Maryland Attorney General Doulgas F. Gansler. (Cliff Owen/AP)

Both Maryland Attorney General Douglas F. Gansler and lawyers for death-row inmate Jody Lee Miles argued to an appeals court Monday that Miles should no longer be subject to capital punishment.

Miles is seeking to have his sentence changed in the wake of the General Assembly’s repeal of the death penalty last year. The legislature’s action did not directly affect the sentences of the four remaining men on Maryland’s death row, but Gansler (D) argued that the state is “no longer legally or factually able to carry out” executions.

Gansler, who leaves office next month, said the state would like to convert Miles’s sentence to life without the possibility of parole, which he said is “in effect a death sentence.” Miles is seeking a new sentence of life with the possibility of parole.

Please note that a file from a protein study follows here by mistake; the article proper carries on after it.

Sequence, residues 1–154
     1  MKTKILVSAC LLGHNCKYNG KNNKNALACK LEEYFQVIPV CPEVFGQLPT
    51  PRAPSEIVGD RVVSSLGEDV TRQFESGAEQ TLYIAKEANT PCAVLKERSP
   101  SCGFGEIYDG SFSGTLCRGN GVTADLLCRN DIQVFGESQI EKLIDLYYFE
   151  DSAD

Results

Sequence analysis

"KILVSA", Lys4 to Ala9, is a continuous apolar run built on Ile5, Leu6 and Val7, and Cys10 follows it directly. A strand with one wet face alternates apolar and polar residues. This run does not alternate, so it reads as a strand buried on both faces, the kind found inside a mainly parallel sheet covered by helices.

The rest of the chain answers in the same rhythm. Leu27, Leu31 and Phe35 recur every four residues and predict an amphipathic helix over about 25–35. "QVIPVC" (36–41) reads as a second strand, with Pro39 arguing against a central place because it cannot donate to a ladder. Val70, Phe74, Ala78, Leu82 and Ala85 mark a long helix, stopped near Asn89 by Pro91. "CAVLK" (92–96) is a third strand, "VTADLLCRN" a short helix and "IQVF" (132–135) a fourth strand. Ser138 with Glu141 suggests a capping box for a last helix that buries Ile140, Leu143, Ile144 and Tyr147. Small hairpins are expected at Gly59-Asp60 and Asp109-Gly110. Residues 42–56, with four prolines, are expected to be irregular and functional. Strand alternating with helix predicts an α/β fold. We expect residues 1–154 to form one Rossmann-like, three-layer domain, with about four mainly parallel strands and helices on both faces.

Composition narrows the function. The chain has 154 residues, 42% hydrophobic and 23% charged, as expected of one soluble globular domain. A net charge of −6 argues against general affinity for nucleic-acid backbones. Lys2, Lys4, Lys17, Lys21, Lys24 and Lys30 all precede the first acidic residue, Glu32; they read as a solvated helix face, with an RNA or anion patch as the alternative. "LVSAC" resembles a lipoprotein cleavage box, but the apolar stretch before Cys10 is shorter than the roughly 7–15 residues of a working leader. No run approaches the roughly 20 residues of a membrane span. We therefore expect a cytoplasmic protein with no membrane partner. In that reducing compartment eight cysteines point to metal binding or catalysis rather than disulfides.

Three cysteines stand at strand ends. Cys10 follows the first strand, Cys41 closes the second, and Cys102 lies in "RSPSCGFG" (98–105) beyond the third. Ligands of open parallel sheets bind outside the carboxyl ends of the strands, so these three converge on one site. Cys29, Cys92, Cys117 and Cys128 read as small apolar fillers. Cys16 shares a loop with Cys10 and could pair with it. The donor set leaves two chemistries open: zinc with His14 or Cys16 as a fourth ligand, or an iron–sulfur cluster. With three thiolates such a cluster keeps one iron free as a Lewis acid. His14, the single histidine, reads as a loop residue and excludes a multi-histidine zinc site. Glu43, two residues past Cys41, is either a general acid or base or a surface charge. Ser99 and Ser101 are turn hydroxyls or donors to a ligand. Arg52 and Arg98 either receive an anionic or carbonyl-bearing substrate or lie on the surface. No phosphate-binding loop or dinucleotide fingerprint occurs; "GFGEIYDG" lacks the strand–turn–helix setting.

“He’s the best of the best of inmates,” one of his lawyers, Brian Saccenti, told a three-judge panel of the Court of Special Appeals in Annapolis.

Miles was convicted in the 1997 robbery and murder of a musical-theater director in Wicomico County.

Maryland has not had regulations in place since late 2006 on how to execute prisoners through lethal injections. A court found the protocols had not been properly adopted, and the administration of Gov. Martin O’Malley (D) — a death penalty opponent — never implemented new rules.

With the death penalty no longer on the books, the state cannot develop new regulations on carrying out executions, even under a new governor, Gansler said. Keeping Miles on death row, Gansler argued, therefore violates his due-process rights.

Gansler announced the state’s position at a news conference last month. Technically, the stance applies only to Miles, but Gansler said it opens the door to similar legal motions by the state’s other death-row inmates.

It is also possible O’Malley could commute the sentences of all or some of the four death-row inmates before Jan. 21, when he leaves office and Larry Hogan (R) is sworn in.

O’Malley has started reaching out to relatives of the victims of the four inmates, stirring speculation that he might commute their sentences in the twilight of his tenure.